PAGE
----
Stars and Stripes and Run For Your Lives

In 1896, famed American composer John Philip Sousa penned the song “The Stars and Stripes Forever.” It’s a very well-known song, for a few reasons. First, the song was a smash hit almost immediately, to the point that a year after it was written, the U.S. Federal government passed a law declaring it “the national march.” (It’s 36 USC § 304 if you’re interested.) Second, in the 1930s, a parody version about ducks became very popular and remains a fun children’s song. Here are the lyrics:

Be kind to your web-footed friends / For a duck may be somebody’s mother. / Be kind to your friends in the swamp, /Where the weather is very, very damp, / Now, you may think that this is the end, / Well, it is!

Still not familiar with it? No worries! You can play it on YouTube, here. But if you do, and if you’re at a circus for some reason, use your headphones. Otherwise, you may cause a mass panic.

Circuses, historically, haven’t been the safest form of entertainment. Wild animals, random pyrotechnics, people on tightropes, etc., it’s not hard to see how thing can go wrong. As How Stuff Works notes in an article titled “10 Worst Circus Disasters,” “if the whole conceit of a show is cheating danger, you better believe that occasionally danger is going to win.” And sometimes, that danger can spread to the audience. A loose animal or a fire can not only put guests in harm’s way, but once customers begin to react, others may panic — and that’s a recipe for disaster.

To combat this, circuses had to find a way to let all its personnel know that something was urgently wrong, all without alerting the audience. Today, we can install fire alarms and the like even in traveling circuses, but that wasn’t true a century ago. Music became an easy solution. Circuses back then often had bands that regaled patrons with all sorts of tunes — you’re probably familiar with “Entrance of the Gladiators” which, despite its name, is typically associated with circus clowns — and everyone can hear the band. At some point, the management of one of the circuses decided to use the band as an alert system — if the band played a previously specified tune, that was a signal to the circus personnel that something bad was happening.

And the song they chose? “The Stars and Stripes Forever.” It’s a perfectly reasonable choice — it’s something you’d easily recognize once you heard it (even if you know it as the duck song), given its popularity. It wouldn’t seem out of place at a circus, given how jovial and upbeat it is. And it’s clearly something you can play with a traditional band.

The idea of using “The Stars and Stripes Forever” as the so-called “Disaster March” spread throughout the circus industry. It is not clear when this began or how it spread, but by the 1940s, the tradition was well-known — at least, to those who worked at circuses. If circus staff heard the band play the Sousa tune, they knew it was time to quickly usher the audience out of the tent, in as orderly a fashion as possible.

The “Stars and Stripes” SOS probably saved hundreds of lives. On July 6, 1944, The Ringling Brothers and Barnum & Bailey Circus brought its “Greatest Show on Earth” to Hartford, Connecticut, and it featured a main tent that was covered in paraffin wax dissolved in gasoline, in an effort to make the tent as waterproof as possible. While that coating helped keep water out, it made the tent quite flammable. And when a fire broke out in the circus, things got bad — and fast.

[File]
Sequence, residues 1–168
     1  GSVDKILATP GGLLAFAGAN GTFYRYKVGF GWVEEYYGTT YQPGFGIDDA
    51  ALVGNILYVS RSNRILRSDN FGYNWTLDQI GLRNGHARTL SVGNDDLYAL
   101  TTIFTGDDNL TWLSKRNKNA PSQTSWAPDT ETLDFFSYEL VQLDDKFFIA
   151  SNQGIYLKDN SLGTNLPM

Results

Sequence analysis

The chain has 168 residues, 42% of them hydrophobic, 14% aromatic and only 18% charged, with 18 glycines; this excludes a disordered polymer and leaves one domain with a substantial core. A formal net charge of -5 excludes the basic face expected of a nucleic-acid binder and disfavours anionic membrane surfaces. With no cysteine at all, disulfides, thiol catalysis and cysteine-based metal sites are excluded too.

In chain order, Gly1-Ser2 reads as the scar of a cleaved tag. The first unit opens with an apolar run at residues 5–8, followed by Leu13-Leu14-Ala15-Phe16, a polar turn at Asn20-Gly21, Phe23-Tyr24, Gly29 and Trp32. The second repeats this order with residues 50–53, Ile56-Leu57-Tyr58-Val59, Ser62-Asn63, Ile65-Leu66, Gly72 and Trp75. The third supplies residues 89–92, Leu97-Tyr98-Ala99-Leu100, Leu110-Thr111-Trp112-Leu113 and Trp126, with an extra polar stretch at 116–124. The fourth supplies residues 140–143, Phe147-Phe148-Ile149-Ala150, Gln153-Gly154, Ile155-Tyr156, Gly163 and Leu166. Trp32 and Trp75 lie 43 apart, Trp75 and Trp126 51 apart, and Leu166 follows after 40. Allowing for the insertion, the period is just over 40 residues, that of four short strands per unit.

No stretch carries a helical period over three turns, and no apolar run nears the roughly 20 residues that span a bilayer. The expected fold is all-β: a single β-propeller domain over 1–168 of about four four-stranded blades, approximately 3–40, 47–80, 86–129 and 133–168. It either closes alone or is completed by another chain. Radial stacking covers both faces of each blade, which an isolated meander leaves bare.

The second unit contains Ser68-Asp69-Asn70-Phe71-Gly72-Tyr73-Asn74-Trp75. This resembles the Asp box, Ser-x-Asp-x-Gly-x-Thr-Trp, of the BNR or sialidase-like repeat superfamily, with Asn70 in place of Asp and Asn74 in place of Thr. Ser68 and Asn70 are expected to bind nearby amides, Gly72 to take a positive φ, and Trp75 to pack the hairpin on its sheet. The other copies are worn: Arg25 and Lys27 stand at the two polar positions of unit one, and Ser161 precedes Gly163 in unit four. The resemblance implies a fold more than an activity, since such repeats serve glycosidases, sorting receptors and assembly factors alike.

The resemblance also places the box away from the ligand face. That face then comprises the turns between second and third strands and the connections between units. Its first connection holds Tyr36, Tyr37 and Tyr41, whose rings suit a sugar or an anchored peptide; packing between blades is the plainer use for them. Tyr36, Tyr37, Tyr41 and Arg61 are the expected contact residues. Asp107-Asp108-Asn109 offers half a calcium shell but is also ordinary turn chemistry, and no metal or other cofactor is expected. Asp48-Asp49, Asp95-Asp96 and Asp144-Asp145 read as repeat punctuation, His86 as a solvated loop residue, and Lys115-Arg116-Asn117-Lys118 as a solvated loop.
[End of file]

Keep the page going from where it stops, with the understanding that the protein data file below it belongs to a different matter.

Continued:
Per multiple reports, the circus band leader, Merle Evans, was one of the first to notice the impending disaster. And Evans did what he could to prevent a panic. As Time Magazine reported, “The band, on their feet at the unburned end of the tent, jerkily pumped out The Stars and Stripes Forever, as a “Disaster march,” the traditional circus warning to performers outside the tent to rally round for trouble. The aerialists slid down their ropes, began tumbling acrobatically toward safety” as they and other staff helped move the mob of people out of the fiery inferno that was building up. Per Wikipedia’s editors (citing a book I don’t have access to), “the performers heard the music and immediately began the evacuation. Accounts state that Evans and his band played until it was no longer safe to do so, and then evacuated and reformed outside, where their playing helped to pace the evacuation and steady the crowd.”

More than 150 people died in the Hartford circus fire, but the result could have been ten times more tragic. An estimated 7,000 people attended the circus that day, and many more lives could have been lost if it weren’t for Sousa, Evans, and the circus’s emergency alert system.

Bonus fact: For years, NBC News has used a similar audio alert to notify their staff about something important subtly. NBC famously uses a three-chime sound as an audio brand mark (you can listen to it here). But starting in the 1930s and through World War II, the network also used a four-chime version — the last note would play twice — when major news required all hands on deck. As NBC News itself explains, “For staffers, who probably had to leave their radios on all night, it was an ‘all-call’ to get to work,” but for normal listeners, it would just seem like a slight error. Per NBC, “the fourth chime was first used when the Hindenburg exploded over Lakehurst, New Jersey, in 1937. It also rang out for the Munich crisis of 1938, the morning of the Japanese attack on Pearl Harbor, then again early in the morning of June 6th, 1944, after Allied forces landed on the northern coast of France.”

From the Archives: P.T. Barnum’s Final Attraction: This Way to the Egress!